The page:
The Ford’s Nemesis for years have been homebread vehicles from the GM subsidiary company Holden. The Monaro was produced between 1968 and 1977, then again from 2001 to 2005. The first generation of the Monaro was the HK, a two door pillarless hardtop coupe. It was offered in a base model, GTS, and GTS 327. Cars could be ordered with a few different model six-cylinders or Chevrolet sourced V-8s with the the top model boasting 250 hp from its…..you guessed it, 327 cubic inch V8. The Monaro was Holden’s main car in Series Production racing in response to Fords introduction of the XW Falcon GTHO Phase 1. The 327 was phased out for a more powerful Chevrolet 350 in the HT model but it wasn’t long before the 350 was replaced with Holdens own 4.2L and 5.0L V-8s. The Monaro was continuously updated including the HG,HQ,HJ,HX, and HZ models. That’s almost a new version every year the car was in production haha. Holden ceased production of the Monaro in 1977.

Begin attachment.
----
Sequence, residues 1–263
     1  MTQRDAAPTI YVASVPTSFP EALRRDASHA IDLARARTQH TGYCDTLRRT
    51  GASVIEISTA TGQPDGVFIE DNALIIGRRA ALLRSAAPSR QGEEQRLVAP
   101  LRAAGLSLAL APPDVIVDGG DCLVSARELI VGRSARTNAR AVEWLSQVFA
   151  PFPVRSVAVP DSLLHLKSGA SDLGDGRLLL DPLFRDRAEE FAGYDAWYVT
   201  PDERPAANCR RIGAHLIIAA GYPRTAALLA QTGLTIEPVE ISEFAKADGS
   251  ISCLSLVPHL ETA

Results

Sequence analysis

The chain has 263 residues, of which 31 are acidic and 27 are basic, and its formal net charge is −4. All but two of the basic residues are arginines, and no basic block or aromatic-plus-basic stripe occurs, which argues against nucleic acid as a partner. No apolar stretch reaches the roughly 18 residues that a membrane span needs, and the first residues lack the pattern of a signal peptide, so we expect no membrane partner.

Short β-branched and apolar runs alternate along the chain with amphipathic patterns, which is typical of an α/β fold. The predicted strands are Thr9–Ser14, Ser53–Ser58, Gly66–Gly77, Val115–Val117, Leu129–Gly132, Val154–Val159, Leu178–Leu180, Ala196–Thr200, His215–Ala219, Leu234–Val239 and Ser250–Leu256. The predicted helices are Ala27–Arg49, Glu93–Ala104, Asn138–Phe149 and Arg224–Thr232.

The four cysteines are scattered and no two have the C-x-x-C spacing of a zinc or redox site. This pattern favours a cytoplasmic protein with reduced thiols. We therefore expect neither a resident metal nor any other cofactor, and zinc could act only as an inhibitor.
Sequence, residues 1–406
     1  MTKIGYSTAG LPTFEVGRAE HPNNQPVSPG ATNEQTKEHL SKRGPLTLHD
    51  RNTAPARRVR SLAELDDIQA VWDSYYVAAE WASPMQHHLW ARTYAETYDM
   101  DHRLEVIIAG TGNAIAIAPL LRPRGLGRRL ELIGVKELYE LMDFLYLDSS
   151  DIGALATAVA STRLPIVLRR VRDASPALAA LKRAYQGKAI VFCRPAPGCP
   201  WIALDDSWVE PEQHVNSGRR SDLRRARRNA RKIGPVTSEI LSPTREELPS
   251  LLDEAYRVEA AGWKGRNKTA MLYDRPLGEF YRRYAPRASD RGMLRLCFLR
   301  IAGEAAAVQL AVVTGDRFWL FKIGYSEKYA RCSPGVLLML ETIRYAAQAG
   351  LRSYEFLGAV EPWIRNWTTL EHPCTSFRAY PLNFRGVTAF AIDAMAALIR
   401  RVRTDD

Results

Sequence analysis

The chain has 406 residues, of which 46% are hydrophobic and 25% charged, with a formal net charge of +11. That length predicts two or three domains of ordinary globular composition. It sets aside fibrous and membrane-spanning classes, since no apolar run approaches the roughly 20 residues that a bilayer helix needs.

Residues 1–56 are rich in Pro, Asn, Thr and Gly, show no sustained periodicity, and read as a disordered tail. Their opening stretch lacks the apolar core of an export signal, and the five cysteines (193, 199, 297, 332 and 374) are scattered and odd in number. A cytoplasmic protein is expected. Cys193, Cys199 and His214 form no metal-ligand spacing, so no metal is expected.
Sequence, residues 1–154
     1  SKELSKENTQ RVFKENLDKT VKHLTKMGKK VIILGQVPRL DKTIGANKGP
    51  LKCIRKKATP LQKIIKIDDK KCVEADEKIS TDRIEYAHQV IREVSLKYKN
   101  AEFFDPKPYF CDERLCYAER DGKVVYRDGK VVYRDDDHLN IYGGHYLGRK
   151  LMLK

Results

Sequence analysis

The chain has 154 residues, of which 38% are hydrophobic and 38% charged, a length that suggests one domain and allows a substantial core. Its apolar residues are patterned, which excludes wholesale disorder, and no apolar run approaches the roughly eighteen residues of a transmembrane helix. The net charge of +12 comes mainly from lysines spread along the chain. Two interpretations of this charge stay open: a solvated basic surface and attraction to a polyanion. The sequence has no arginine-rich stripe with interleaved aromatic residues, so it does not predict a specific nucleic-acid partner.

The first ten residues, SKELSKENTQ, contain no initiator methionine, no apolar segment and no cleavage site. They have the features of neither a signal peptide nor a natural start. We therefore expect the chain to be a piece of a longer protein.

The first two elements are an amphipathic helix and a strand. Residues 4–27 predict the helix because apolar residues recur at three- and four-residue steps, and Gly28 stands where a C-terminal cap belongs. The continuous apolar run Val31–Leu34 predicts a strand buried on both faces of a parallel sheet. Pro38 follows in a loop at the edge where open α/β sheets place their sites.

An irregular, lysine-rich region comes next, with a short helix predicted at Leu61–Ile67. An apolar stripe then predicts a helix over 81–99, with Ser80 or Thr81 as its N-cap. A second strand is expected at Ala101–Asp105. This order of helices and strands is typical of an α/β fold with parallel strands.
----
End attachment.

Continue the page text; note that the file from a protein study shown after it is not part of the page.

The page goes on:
After 20 some years on hiatus the Monaro returned for 2001. It should look familiar to us here as it shared its basic body design with the Pontiac GTO of the era. The first version, the V2, was based off the VX series Commodore and was available with either a 3.8L supercharged V6 or GMs vulnerable Gen 3 5.7L V8. As the Monaro was slated to end production for a second time in 2006 Holden wanted to build a special version as a farewell to the name, enter the CV8-Z. If you are waiting for something really special here im sorry haha. The CV8-V was a regular Monaro with some fancier body parts and special paint colors. During its production run, Holden Special Vehicles (HSV) got to play with the V2 producing some special edition cars. The HSV coupe was a high performance grand tourer that while it looked like a fancy Monaro did not carry the same name. Think of HSV like Mercedes’ AMG division. The HSV coupe came in two flavors, the GTO and GTS models. The GTO offered a 342 hp LS1 engine and the GTS a Callaway C4B engine rated at 402 hp. The GTS model was discontinued after the 2004 model year but it was replaced with an all-wheel-drive version dubbed the Coupe4. That same year the regular GTO model received GMs revised LS engine, the LS2 good for 400 hp. The HSV coupes ended production along with the Monaro in 2006